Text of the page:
Manager Billy McMillon and pitching coaches Shawn Haviland and Paul Abbott waited a beat alongside farm director Ben Crockett. Then they broke the real news.

"I was a little worried at first," Hart said, "but then they told me, you can go pay your fine at Fenway Park tomorrow."

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And so it is that Hart, a 19th-round selection in the 2016 draft, will make his debut on Thursday when he starts the finale of a four-game set with the Rays.

It's the culmination of a journey that began in college at Indiana, where Hart spent five years, his career interrupted by Tommy John surgery. The 6-foot-5 lefty has never lit up radar guns or blown away scouts with his pure stuff, but he has gotten results at every stop along the way, posting a 3.13 ERA in 77 minor league appearances.

"My mindset going into tomorrow is the same as it has been my entire career," Hart said. "Every year, I started a level lower than what I thought I should be at. I thought I should be in Greenville, they started me in extended. I thought I should be in Salem, they started me in Greenville, and so on and so forth. This year I thought maybe I had a chance of starting with the big league team and they put me at the alternate site.

"Honestly, I appreciated it, because that's how every year has gone. And every year I've kind of sought out success. I'm comfortable in the position I'm in right now, of being a midseason callup, and kind of fulfilling that need. My mindset is they're giving me an opportunity tomorrow, I need to go pitch to earn another one. That's going to be my mindset as long as I play this game. Hopefully you look back and you've got six, eight, 10 years in this league. Right now I need to go out and earn every single start, opportunity to pitch, whatever it is, every single night."

And guess what? He doesn't owe any fines.

"They told me that I was actually getting fined by Major League Baseball for not wearing my mask. That's kind of a real scenario that's going to happen and probably has happened," Hart said. "Luckily it was just a prank and they were pulling my leg."

Daniel Bard's remarkable comeback story, summed up in one incredible number

USA TODAY Sports photo

Daniel Bard's remarkable comeback story, summed up in one incredible number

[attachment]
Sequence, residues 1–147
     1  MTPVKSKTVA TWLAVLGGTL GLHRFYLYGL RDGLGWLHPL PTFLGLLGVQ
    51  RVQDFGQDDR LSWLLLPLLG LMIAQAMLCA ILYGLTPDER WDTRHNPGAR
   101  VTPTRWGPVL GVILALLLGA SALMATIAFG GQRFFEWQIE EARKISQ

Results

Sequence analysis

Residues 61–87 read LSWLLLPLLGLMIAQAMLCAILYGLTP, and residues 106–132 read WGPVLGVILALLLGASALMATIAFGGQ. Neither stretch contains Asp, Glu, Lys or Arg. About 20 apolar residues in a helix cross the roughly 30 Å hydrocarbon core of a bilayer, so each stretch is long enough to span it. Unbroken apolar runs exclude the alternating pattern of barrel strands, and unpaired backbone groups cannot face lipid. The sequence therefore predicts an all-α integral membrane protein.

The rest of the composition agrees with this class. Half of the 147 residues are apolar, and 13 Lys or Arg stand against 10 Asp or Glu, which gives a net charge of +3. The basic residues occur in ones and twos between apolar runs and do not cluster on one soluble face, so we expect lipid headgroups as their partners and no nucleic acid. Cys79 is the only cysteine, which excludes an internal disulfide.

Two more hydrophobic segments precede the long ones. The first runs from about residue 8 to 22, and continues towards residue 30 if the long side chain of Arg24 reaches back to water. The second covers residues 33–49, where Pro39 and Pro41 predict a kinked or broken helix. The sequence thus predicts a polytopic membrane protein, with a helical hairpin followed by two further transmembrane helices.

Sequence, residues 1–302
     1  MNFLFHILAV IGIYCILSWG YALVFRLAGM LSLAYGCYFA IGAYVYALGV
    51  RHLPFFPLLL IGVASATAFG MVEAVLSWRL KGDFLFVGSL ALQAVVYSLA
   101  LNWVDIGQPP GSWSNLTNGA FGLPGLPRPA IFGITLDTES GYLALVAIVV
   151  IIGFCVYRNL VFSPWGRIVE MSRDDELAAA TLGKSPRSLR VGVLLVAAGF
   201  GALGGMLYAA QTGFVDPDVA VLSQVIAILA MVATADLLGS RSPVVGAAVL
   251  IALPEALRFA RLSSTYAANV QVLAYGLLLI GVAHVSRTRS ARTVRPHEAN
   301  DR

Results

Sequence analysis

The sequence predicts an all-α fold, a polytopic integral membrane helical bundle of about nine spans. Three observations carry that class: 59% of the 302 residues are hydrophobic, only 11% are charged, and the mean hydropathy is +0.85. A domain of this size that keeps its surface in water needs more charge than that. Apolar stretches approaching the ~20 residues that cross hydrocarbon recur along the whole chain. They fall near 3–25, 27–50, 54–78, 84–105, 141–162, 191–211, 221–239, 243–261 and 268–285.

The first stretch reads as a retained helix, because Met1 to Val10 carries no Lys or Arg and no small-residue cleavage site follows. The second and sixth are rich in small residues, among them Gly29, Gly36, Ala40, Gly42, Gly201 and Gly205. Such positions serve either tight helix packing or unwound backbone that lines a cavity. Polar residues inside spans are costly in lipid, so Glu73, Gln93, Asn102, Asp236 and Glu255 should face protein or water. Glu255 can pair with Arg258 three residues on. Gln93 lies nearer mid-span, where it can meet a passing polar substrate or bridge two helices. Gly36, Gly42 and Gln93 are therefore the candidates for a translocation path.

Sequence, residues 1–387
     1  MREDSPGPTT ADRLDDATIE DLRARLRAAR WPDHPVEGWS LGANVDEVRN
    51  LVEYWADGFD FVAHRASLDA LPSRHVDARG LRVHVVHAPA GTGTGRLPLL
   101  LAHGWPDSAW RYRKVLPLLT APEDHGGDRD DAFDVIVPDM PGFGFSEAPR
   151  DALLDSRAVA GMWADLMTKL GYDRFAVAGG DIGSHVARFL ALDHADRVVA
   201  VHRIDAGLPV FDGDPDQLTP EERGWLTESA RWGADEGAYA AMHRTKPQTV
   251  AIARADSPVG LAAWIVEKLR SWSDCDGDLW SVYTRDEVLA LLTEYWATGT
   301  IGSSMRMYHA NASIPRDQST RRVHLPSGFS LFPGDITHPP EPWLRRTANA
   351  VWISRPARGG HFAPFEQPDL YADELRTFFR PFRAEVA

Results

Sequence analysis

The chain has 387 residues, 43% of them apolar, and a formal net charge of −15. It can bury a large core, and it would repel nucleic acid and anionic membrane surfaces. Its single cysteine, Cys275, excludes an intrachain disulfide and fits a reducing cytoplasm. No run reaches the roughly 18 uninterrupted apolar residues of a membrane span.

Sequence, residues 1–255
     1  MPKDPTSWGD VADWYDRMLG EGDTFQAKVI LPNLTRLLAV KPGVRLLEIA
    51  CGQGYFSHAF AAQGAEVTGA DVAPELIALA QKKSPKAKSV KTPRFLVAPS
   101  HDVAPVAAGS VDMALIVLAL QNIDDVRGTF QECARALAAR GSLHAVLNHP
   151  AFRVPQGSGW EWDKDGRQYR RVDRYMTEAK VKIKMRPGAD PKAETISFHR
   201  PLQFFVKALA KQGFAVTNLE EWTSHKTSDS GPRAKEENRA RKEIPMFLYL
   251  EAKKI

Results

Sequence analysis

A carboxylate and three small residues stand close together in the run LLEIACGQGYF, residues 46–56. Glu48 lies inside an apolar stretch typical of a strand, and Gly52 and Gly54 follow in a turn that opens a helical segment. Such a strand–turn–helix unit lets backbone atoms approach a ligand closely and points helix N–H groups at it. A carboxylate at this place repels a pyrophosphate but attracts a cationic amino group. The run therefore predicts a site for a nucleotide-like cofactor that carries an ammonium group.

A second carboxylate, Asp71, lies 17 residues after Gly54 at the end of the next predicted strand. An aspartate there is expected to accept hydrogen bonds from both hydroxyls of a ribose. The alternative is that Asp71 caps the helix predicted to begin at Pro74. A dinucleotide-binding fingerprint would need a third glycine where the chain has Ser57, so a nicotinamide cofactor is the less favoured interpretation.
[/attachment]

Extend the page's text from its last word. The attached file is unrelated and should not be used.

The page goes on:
Daniel Bard's comeback story for the ages took another improbable step on Tuesday night when he recorded his first save since 2011.

Summoned with two outs in the ninth and runners on the corners of a wild game vs. the Diamondbacks, Bard nailed down Colorado's 12th win by striking out Stephen Vogt looking with a backdoor slider that painted the black.

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The Rockies needed it, too, because Arizona had clawed back from an 8-2 deficit with five runs in the ninth before Bard replaced Jairo Diaz to record the biggest out of the game.

It continued a comeback tale that's almost impossible to believe. Until making Colorado's opening day roster, Bard hadn't thrown a pitch in the big leagues since 2013 with the Red Sox. He hadn't won a game since 2012, and he hadn't saved one since 2011.

He spent the intervening years trying to solve a case of the yips that had transformed him from fireballing future closer to broken and retired. He underwent surgery to treat thoracic outlet syndrome, pitched in Puerto Rico, attempted comebacks with the Rangers, Mets and Cardinals that saw him walk 46 batters in just 13 minor-league innings, and finally left the game to become a player mentor with the Diamondbacks in 2018 and 2019.

He never gave up on his dream of returning to baseball, however, and the Rockies gave him a shot this spring.

Now 35 years old, he has rewarded them with a 3.00 ERA in eight appearances. And here's his most astonishing statistic: in nine innings pitched, he has recorded 12 strikeouts and ZERO walks. From 46 walks against Single- and Double-A hitters to none in the big leagues. He's one of only three pitchers with at least nine innings pitched and no walks.

Baseball's best story of 2020 just keeps getting better.